Long-Term Association of Venous Thromboembolism With Frailty, Physical Functioning, and Quality of Life: The Atherosclerosis Risk in Communities Study

Pamela L Lutsey, B. Gwen Windham, Jeffrey R Misialek, Mary Cushman, Anna Kucharska-Newton, Saonli Basu, Aaron R. Folsom

Research output: Contribution to journalArticle

Abstract

Background Relatively little is known about the long-term consequences of venous thromboembolism (VTE) on physical functioning. We compared long-term frailty status, physical function, and quality of life among survivors of VTE with survivors of coronary heart disease (CHD) and stroke, and with those without these diseases. Methods and Results Cases of VTE, CHD, and stroke were continuously identified since ARIC (Atherosclerosis Risk in Communities Study) recruitment during 1987 to 1989. Functional measures were objectively captured at ARIC clinic visits 5 (2011-2013) and 6 (2016-2017); quality of life was self-reported. The 6161 participants at visit 5 were, on average, 75.7 (range, 66-90) years of age. By visit 5, 3.2% had had a VTE, 6.9% CHD, and 3.4% stroke. Compared with those without any of these conditions, VTE survivors were more likely to be frail (odds ratio [OR], 3.11; 95% CI, 1.80-5.36) and have low (<10) versus good scores on the Short Physical Performance Battery (OR, 3.59; 95% CI, 2.36-5.47). They also had slower gait speed, less endurance, and lower physical quality of life. VTE survivors were similar to coronary heart disease and stroke survivors on categorical frailty and outcomes on Short Physical Performance Battery assessment. When score on the Short Physical Performance Battery instrument was modeled continuously, VTE survivors performed better than stroke survivors but worse than CHD survivors. Conclusions VTE survivors had triple the odds of frailty and poorer physical function than those without the vascular diseases considered. Their function was somewhat worse than that of CHD survivors, but better than stroke survivors. These findings suggest that VTE patients may benefit from additional efforts to improve postevent physical functioning.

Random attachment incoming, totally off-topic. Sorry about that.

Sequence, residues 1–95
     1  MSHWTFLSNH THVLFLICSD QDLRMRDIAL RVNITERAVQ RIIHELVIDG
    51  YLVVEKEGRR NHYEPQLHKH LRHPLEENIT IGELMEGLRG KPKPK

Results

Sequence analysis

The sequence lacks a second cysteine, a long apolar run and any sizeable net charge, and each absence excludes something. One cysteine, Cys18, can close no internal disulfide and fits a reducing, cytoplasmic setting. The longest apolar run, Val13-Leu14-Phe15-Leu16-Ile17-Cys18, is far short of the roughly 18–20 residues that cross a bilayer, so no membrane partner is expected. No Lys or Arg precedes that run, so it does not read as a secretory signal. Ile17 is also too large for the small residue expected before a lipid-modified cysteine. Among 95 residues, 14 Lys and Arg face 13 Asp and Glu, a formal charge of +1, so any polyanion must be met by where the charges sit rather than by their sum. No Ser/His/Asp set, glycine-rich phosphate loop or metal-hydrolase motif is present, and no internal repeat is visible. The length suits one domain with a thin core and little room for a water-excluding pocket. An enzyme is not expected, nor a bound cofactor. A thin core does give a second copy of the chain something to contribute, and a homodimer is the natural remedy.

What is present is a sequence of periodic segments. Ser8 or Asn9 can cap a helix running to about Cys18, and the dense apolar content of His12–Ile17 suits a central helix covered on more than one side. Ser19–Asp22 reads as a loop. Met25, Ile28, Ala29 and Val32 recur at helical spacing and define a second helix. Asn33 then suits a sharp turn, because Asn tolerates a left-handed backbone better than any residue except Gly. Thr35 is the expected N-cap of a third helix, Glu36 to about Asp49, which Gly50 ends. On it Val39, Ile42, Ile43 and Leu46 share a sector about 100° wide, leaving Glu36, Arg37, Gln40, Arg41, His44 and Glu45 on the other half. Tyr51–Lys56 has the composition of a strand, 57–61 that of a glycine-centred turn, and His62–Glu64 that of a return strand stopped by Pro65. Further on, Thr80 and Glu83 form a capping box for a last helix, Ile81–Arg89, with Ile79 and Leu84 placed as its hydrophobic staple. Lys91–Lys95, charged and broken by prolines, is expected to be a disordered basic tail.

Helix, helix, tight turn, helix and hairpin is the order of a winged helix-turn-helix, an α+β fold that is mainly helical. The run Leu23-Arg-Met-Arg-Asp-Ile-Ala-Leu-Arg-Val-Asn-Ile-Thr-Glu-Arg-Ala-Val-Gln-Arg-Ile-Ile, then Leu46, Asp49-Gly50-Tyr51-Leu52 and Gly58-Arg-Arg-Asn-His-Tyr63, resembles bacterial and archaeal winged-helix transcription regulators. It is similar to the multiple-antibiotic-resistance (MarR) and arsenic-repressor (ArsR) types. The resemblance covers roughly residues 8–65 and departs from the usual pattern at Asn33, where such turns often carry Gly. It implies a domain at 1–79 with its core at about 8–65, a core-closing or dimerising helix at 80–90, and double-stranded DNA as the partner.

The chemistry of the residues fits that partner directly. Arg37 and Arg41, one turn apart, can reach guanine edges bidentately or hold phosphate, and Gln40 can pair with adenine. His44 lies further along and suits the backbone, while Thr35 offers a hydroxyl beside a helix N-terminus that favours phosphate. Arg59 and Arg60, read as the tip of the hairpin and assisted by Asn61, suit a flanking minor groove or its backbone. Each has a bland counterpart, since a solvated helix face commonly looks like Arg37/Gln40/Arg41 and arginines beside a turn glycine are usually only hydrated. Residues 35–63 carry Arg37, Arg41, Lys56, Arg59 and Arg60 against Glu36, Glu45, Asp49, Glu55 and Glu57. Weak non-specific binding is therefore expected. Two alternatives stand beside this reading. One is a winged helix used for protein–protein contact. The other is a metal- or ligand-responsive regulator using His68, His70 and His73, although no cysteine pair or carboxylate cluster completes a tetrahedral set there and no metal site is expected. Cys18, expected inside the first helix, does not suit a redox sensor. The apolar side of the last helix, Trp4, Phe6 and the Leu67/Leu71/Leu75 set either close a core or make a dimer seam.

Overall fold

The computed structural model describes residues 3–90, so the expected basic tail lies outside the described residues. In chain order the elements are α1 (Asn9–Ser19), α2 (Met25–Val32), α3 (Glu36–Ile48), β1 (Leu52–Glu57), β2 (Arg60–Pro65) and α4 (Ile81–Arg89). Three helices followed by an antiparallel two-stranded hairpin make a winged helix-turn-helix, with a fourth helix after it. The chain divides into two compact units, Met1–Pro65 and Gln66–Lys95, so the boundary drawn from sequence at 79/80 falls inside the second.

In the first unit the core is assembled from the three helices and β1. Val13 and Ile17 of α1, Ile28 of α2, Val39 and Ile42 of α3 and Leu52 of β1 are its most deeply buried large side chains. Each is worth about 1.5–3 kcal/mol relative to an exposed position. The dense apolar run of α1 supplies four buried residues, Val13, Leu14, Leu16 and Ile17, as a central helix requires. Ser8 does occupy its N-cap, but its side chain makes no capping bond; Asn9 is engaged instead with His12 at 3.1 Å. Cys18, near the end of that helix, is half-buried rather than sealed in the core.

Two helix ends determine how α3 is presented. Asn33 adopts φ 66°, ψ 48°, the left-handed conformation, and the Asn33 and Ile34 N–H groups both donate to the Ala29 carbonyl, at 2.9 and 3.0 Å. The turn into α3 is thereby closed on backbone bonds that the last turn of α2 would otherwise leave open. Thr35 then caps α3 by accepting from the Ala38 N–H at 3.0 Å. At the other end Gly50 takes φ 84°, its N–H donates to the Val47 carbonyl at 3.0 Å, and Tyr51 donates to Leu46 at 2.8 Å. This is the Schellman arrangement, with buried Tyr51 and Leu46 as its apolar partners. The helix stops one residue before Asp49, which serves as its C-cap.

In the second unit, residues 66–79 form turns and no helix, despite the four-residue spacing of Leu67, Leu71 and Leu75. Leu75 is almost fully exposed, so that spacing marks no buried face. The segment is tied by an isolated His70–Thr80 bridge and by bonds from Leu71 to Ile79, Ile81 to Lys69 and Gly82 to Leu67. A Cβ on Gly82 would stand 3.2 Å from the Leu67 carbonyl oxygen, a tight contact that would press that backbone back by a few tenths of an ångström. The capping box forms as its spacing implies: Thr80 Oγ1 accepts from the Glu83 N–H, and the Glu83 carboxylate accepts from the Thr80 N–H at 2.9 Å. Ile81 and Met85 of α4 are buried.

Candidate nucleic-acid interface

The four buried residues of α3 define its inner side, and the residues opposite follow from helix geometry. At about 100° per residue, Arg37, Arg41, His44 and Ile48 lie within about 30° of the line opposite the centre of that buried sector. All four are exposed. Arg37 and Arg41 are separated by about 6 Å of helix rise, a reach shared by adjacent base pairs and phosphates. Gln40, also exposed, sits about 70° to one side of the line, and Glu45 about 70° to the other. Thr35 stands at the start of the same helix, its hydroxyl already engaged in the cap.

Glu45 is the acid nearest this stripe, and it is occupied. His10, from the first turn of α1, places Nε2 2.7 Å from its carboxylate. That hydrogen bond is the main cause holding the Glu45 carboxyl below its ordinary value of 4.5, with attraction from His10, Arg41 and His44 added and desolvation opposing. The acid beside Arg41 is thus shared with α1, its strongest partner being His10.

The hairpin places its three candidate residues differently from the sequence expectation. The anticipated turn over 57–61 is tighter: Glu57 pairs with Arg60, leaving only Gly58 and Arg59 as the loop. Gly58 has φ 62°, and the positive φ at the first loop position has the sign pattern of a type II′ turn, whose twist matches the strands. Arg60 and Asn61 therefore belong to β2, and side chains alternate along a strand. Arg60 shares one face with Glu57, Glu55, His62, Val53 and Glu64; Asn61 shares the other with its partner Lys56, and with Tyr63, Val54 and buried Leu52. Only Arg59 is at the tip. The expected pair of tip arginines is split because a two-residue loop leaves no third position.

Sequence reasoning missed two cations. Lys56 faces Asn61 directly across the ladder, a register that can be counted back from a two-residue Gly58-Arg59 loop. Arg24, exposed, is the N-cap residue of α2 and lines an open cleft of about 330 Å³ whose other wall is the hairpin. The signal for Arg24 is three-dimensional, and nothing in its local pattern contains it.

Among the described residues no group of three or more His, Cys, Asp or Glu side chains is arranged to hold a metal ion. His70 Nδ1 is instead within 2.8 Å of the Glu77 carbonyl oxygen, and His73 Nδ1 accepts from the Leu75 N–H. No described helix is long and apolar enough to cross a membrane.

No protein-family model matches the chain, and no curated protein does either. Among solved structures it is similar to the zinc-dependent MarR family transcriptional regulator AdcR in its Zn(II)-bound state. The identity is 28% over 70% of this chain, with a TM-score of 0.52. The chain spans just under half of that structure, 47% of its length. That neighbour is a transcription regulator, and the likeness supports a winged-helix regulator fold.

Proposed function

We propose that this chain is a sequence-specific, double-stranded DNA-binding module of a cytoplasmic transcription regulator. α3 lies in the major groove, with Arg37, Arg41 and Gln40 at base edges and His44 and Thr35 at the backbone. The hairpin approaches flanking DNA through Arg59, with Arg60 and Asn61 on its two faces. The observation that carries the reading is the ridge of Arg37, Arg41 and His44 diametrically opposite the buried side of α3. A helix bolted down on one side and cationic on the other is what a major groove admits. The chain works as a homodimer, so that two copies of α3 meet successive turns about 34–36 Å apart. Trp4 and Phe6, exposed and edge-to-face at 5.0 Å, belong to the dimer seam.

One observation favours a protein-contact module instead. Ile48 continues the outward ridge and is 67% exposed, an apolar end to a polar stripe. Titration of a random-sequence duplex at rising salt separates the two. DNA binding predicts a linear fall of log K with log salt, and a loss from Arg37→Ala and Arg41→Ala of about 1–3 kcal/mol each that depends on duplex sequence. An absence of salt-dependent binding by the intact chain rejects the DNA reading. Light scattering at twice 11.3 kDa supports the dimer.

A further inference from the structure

Original languageEnglish (US)
Pages (from-to)e015656
JournalJournal of the American Heart Association
Volume9
Issue number12
DOIs
StatePublished - Jun 16 2020

Keywords

  • frailty
  • physical function
  • quality of life
  • venous thromboembolism

PubMed: MeSH publication types

  • Journal Article

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